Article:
Lights, camera, action: the healthcare industry is back in the spotlight. (Not that it ever left the stage.) Next week, Michael Moore’s documentary film, Sicko, will start playing in movie theaters across America.

The New York Times calls Sicko a “cinematic indictment of the American health care system.” The film is generating significant buzz and is sure to spur a lively conversation about health coverage, care, and quality in America. While legislators, litigators, and patient groups are growing excited, others among us are growing anxious. And why wouldn’t they? Moore attacks health insurers, health providers, and pharmaceutical companies by connecting them to isolated and emotional stories of the system at its worst. Moore’s film portrays the industry as money and marketing driven, and fails to show healthcare’s interest in patient well-being and care.

Sound familiar? Of course. The healthcare industry is no stranger to negative press. A drug may be a blockbuster one day and tolled as a public health concern the next. News reporters may focus on Pharma’s annual sales and its executives’ salaries while failing to share R&D costs. Or, as is often common, the media may use an isolated, heartbreaking, or sensationalist story to paint a picture of healthcare as a whole. With all the coverage, it’s a shame no one focuses on the industry’s numerous prescription programs, charity services, and philanthropy efforts.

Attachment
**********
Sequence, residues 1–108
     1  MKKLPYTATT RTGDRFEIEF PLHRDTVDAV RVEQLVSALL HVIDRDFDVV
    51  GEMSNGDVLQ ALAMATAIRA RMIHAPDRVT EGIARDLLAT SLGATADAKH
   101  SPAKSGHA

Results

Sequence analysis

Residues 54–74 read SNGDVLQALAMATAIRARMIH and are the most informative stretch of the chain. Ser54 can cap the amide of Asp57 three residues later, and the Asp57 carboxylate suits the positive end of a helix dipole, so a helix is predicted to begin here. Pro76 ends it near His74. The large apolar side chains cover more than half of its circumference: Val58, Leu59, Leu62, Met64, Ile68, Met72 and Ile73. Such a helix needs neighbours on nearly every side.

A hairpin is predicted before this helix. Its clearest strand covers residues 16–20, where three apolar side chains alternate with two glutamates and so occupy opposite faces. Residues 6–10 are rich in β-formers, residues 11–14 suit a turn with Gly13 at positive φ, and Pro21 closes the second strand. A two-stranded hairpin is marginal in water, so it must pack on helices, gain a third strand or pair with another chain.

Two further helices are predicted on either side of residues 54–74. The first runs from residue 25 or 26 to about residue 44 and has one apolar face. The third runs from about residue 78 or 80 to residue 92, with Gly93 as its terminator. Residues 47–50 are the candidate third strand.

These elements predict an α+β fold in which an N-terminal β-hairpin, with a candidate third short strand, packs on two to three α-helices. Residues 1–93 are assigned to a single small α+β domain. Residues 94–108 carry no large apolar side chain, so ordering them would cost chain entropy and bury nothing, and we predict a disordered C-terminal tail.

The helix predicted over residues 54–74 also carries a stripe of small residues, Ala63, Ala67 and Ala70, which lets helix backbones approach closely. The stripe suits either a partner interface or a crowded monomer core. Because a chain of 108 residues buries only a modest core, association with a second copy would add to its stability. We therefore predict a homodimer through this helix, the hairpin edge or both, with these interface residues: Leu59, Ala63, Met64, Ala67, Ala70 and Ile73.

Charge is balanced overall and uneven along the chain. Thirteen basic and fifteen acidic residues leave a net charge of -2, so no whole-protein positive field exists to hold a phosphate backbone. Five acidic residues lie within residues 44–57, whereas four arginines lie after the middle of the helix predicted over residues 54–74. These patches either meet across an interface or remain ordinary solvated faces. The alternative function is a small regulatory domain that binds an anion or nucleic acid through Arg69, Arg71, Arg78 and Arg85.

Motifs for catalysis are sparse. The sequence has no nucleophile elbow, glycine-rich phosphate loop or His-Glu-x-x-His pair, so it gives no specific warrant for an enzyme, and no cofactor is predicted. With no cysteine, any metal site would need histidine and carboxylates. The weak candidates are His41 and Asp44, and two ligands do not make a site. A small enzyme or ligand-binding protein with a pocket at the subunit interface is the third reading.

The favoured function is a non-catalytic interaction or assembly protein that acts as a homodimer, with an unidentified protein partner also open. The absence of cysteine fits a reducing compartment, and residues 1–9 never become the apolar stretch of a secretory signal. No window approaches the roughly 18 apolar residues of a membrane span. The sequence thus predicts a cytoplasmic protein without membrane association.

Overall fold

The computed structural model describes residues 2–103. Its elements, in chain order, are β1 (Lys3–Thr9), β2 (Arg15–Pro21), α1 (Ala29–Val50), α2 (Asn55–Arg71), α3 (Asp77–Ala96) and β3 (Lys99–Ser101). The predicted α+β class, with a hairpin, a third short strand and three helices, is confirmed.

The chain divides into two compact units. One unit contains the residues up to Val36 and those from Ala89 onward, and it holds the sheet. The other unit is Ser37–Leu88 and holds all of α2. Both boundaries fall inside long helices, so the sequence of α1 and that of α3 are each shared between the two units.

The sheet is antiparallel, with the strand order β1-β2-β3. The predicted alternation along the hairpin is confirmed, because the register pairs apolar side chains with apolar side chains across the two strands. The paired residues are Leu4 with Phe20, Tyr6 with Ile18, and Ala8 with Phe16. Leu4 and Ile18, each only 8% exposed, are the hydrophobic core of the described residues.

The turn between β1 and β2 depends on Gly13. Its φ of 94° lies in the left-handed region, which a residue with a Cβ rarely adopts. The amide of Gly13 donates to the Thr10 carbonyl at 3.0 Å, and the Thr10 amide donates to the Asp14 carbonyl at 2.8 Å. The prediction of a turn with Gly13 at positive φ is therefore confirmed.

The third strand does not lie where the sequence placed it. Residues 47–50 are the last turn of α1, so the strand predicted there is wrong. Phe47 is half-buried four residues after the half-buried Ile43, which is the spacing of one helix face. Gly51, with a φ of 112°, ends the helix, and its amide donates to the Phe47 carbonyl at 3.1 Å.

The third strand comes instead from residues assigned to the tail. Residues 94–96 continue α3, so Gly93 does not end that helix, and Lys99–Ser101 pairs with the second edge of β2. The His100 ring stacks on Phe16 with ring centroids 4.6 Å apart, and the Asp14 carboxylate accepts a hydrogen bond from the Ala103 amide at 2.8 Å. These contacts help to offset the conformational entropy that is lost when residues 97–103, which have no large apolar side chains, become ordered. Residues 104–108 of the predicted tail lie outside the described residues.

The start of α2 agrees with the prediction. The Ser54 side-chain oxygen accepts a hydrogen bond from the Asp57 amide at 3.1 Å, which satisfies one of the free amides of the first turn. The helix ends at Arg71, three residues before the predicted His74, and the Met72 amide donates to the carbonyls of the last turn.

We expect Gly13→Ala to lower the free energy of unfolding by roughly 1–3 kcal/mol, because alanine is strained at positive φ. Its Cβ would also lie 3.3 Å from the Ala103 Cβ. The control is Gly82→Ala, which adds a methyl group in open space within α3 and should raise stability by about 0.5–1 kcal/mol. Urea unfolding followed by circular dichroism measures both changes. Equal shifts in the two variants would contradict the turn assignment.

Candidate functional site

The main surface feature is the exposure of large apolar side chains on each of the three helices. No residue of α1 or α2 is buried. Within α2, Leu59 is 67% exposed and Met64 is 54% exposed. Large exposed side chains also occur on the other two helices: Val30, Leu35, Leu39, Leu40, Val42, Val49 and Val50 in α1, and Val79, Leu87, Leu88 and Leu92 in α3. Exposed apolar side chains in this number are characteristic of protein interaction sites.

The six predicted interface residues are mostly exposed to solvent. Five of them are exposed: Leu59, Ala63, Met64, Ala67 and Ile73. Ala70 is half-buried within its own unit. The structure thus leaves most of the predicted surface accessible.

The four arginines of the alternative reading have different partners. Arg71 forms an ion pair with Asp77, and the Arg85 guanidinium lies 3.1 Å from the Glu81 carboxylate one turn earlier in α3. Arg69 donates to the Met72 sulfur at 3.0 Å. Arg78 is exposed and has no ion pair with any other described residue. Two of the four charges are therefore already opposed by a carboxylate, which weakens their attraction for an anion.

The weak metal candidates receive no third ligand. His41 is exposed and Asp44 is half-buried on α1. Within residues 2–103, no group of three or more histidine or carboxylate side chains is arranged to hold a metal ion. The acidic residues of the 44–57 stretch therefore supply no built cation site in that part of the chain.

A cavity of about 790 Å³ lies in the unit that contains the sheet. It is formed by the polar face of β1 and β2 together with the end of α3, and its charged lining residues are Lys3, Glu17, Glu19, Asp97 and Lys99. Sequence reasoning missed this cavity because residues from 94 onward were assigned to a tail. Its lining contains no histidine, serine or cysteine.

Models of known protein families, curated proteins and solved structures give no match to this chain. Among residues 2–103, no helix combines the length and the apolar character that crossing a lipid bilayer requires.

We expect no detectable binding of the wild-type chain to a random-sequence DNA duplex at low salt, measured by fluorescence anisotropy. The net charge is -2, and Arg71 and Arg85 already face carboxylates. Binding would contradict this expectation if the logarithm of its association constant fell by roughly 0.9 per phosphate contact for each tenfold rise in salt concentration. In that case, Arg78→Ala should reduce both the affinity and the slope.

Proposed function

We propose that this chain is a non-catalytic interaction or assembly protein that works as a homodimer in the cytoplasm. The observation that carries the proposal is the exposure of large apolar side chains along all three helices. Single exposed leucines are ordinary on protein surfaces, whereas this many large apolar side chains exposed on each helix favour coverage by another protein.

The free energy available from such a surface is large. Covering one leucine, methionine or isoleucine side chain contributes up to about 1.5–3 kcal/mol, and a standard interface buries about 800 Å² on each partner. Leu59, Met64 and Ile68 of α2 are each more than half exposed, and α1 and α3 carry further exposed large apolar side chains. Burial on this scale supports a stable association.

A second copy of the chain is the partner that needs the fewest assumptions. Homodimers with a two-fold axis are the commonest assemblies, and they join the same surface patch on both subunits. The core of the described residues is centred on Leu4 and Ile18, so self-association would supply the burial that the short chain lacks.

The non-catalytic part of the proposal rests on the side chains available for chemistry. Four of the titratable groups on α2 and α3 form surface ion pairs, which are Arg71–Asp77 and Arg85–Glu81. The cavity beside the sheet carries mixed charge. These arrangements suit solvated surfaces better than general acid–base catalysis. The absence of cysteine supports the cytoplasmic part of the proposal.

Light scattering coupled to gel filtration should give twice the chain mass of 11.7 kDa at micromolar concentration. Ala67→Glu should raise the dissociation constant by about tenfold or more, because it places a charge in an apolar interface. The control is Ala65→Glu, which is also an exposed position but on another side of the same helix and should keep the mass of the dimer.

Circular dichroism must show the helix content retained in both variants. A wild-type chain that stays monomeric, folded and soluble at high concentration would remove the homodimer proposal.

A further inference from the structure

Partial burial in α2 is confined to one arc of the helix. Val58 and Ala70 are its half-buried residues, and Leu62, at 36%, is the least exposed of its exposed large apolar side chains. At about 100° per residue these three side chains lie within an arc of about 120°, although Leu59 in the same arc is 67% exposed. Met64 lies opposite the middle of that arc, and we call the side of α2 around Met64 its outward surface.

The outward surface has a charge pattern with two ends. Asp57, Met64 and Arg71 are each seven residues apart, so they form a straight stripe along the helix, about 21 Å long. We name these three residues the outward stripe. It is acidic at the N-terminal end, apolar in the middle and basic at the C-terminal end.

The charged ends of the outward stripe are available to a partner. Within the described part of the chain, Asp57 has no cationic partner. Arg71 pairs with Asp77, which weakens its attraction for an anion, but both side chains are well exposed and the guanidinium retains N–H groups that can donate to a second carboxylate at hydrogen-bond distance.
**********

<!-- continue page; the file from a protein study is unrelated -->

Many of our clients face these issues; companies come to us hoping we can help them better manage their reputations through “Get the Facts” or issue management campaigns. Your brand or corporate site may already have these informational assets, but can users easily find them?